David Gelernter on Millennials and the State of Higher Education

From Isegoria America-Lite:

I’m a teacher of college students. I’m lucky to be at one of the best colleges in the world, at Yale. Our students are as smart as any in the world. They work very hard to get here. They are eager, they’re likable. My generation is getting a chip on its shoulder, we always thought we knew everything about every topic, our professors were morons, and we were the ones who were building the world.

My students today are much less obnoxious. Much more likable than I and my friends used to be, but they are so ignorant that it’s hard to accept how ignorant they are. You tell yourself stories; it’s very hard to grasp that the person you’re talking to, who is bright, articulate, advisable, interested, and doesn’t know who Beethoven is. Had no view looking back at the history of the 20th century — just sees a fog. A blank. Has the vaguest idea of who Winston Churchill was or why he mattered. And maybe has no image of Teddy Roosevelt, let’s say, at all. I mean, these are people who — We have failed.


They know nothing about art. They know nothing about history. They know nothing about philosophy. And because they have been raised as not even atheists, they don’t rise to the level of atheists, insofar as they’ve never thought about the existence or nonexistence of God. It has never occurred to them. They know nothing about the Bible. They’ve never opened it. They’ve been taught it’s some sort of weird toxic thing, especially the Hebrew Bible, full of all sorts of terrible, murderous, prejudiced, bigoted. They’ve never read it. They have no concept.

partial transcript

I agree with his assessment of the richness of post-WW2 America, as measured economically and technologically (except the social justice aspect). The middle class of today has a much higher standard of living than the middle class equivalent of 100 years ago. He’s right about the post-WW2 cultural revolution in college, the decline of Judaeo-Christian values, and how students are being brainwashed to hate Western civilization. He is right about computer science being a force for good, and how mainstream society is wrong to reject nerds and nerd culture. I disagree with his enmity towards transhumanists and singularitarians. He also exhibits the typical leftist paranoia that is to be expected about genetic engineering, demonstrating the slippery slope fallacy. His criticism of online education may be due to a conflict of interest, being that his his job may be at risk if parents stop writing those 5-figure checks. He seemed bemused by the possibility that his job may be rendered obsolete by technology.

But David Gelernter’s assessment of millennials as being ignorant may be wrong, because knowledge tends to be segmented. People have strengths and weaknesses, concentrating on the former and tending to neglect the latter. Omnibus geniuses like David Gelernter, who is both very well-versed in STEM and the humanities, are rare. To use myself as an example, when I entered college, I too was ignorant about art, history, philosophy, and theology (I still am), but knew all sorts of stuff about math. I was asking my professors difficult questions, with research I had compiled on my own time, about math that one normally doesn’t encounter until graduate school.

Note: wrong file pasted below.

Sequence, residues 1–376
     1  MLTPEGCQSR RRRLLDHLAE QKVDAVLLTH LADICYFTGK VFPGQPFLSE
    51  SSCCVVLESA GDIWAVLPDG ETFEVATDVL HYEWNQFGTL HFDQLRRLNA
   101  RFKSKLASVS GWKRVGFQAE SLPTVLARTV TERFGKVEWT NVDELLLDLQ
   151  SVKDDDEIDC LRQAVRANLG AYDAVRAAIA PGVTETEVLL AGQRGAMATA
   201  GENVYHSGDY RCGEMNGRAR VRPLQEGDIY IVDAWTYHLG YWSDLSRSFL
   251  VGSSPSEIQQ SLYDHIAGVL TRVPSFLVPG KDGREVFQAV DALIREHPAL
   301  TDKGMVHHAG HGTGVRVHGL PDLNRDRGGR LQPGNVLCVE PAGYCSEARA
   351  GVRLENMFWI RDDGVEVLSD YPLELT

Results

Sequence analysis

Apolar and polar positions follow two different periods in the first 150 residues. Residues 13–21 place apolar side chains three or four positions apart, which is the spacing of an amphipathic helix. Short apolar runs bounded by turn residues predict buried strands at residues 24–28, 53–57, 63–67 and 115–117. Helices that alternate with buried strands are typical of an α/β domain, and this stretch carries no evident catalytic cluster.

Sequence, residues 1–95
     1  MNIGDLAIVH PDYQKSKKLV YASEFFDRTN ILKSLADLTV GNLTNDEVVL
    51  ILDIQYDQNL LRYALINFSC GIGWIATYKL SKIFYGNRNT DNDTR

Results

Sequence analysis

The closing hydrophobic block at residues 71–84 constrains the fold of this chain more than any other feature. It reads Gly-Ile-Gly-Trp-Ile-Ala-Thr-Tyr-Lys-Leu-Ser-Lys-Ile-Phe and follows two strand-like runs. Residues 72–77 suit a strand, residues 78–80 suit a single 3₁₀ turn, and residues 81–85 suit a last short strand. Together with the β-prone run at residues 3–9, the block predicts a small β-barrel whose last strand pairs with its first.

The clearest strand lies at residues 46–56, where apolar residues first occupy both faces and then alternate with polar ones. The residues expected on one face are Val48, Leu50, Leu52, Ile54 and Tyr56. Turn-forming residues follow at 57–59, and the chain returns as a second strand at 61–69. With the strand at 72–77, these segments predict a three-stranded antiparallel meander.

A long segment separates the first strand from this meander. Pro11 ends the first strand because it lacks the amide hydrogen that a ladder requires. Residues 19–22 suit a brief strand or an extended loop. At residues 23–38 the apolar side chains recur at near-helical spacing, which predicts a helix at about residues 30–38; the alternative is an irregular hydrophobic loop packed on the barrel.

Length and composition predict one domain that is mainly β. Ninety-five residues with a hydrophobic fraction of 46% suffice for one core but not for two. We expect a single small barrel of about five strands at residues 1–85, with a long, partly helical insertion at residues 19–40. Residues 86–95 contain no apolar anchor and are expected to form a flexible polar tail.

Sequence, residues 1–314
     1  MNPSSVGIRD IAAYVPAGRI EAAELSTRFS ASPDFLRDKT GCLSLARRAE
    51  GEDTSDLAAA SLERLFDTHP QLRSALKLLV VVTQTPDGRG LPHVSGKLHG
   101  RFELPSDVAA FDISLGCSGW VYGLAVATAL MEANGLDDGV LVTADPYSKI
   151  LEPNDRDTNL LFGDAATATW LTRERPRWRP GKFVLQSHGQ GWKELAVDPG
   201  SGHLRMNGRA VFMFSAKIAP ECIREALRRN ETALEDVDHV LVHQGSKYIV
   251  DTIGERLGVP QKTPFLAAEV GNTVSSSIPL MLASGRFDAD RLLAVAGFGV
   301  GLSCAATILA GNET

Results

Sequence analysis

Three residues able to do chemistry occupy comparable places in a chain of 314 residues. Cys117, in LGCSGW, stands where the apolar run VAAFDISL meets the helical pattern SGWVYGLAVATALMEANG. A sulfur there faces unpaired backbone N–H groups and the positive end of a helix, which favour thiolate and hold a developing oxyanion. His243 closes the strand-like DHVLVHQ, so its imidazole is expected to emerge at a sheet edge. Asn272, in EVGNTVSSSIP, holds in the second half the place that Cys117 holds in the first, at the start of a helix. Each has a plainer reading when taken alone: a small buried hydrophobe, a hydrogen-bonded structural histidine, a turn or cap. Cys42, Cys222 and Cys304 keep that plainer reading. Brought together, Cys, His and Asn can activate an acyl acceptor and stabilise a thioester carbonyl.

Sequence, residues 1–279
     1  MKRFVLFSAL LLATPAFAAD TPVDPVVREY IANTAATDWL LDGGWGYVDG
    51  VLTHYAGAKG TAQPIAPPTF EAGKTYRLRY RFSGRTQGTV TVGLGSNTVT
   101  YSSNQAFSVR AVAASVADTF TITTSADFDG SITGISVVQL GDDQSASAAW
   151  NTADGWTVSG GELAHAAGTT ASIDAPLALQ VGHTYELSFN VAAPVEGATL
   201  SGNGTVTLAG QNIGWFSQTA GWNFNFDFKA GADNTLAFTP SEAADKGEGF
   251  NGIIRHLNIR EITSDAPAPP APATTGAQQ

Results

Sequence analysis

Maybe some millennials are experts at computer and video games; others at coding; others at sports statistics; and so on…

Also, Gelernter may be falling for the confirmation bias and cherry picking fallacy, in choosing only a few anecdotal examples that agree with his original thesis. Maybe only a handful of students don’t know who Churchill or Beethoven are, using those examples for his video instead of polling every student in his class or the entire university. That’s how those ‘man on the street’ videos work; the TV host will ask 100 random strangers an easy question and maybe only five won’t know the answer, and then in the editing room those five incorrect answers are merged to create the illusion that everyone is ignorant.

According to the Pew Research Center News IQ Quiz, millennials score only slightly lower than older demographics:

In this cutthroat economy where many college graduates are saddled with debt and have poor job prospects, it helps to have a hobby where you can make money as an entrepreneur. Millennials are smart to follow the money (STEM, video games) even at the cost of being slightly ignorant about the liberal arts. For example, John Bain, a video game reviewer on Youtube, has over a million subscribers and probably makes tens of thousands of dollars a month from endorsements and reviews. If you’re spending over a $100,000 on a piece of paper that is supposed to certify your competence, why major in something that can be outsourced to Wikipedia? If you want to learn about a certain philosophy or history concept, you go to Google, enter a relevant query, and you get hundreds of results for free. Yes, a philosophy degree does signal above-average critical thinking skills, but so does STEM – and it pays more.

America still creates – apps, Netflix, Tesla, Uber, Amazon delivery drones, iPhones, theoretical physics, artificial intelligence, 3-d printing, fuel cells…the list goes on. Maybe we’re seeing a greater focus on STEM, as more and more people realize that the liberal arts don’t pay much.

But people still care about the arts and books. The 2015 David Foster Wallace biopic, The End of the Tour, got over 7,000 reviews on IMBD. Wallace’s writing is notoriously difficult, so the fact that so many people reviewed the movie is evidence there is a large market for even the most highfalutin of art. It grossed over $2 million, which is good for an indie film.

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